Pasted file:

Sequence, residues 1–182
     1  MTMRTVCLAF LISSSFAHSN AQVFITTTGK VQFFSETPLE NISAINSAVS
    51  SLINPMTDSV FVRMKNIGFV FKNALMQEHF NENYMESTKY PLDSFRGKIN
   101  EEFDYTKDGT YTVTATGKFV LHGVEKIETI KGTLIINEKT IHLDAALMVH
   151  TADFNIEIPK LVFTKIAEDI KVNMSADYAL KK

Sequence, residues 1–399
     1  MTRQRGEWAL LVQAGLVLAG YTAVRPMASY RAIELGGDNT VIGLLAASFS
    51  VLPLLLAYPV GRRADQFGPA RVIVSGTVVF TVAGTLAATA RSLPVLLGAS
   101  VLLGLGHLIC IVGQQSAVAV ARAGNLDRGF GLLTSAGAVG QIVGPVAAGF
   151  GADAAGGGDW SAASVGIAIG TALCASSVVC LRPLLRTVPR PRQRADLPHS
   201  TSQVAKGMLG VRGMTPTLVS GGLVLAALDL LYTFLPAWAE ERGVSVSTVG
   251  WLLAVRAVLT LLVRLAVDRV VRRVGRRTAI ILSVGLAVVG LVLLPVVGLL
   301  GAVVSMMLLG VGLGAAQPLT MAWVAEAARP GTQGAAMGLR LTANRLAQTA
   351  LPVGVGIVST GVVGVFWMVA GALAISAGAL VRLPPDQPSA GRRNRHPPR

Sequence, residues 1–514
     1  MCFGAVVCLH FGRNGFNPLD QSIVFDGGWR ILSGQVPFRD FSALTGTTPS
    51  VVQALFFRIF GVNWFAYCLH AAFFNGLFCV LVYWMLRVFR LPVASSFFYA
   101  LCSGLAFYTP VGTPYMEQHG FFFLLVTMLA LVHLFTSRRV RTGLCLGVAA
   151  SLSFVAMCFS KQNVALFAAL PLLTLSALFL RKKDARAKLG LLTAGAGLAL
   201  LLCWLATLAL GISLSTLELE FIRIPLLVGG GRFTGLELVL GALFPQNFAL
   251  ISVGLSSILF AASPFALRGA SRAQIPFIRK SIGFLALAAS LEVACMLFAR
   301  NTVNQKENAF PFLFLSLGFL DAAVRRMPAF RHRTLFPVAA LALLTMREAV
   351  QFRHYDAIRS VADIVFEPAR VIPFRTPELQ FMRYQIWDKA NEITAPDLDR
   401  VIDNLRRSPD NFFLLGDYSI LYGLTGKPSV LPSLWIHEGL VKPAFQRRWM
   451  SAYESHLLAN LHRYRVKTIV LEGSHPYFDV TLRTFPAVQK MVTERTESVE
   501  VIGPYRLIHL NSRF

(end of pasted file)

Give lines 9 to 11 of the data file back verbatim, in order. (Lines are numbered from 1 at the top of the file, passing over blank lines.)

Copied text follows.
   101  VLLGLGHLIC IVGQQSAVAV ARAGNLDRGF GLLTSAGAVG QIVGPVAAGF
   151  GADAAGGGDW SAASVGIAIG TALCASSVVC LRPLLRTVPR PRQRADLPHS
   201  TSQVAKGMLG VRGMTPTLVS GGLVLAALDL LYTFLPAWAE ERGVSVSTVG